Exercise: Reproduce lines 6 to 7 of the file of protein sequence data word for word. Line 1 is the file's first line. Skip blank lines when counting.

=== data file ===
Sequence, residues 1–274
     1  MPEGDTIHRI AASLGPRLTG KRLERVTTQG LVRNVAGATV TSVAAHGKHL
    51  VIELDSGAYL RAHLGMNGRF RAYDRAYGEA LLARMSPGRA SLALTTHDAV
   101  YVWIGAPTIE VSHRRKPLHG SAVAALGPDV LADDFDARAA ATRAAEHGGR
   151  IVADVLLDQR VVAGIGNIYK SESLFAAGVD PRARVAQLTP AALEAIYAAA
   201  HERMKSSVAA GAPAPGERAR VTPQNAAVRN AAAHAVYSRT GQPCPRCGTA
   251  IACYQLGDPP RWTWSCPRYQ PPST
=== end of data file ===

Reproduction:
   201  HERMKSSVAA GAPAPGERAR VTPQNAAVRN AAAHAVYSRT GQPCPRCGTA
   251  IACYQLGDPP RWTWSCPRYQ PPST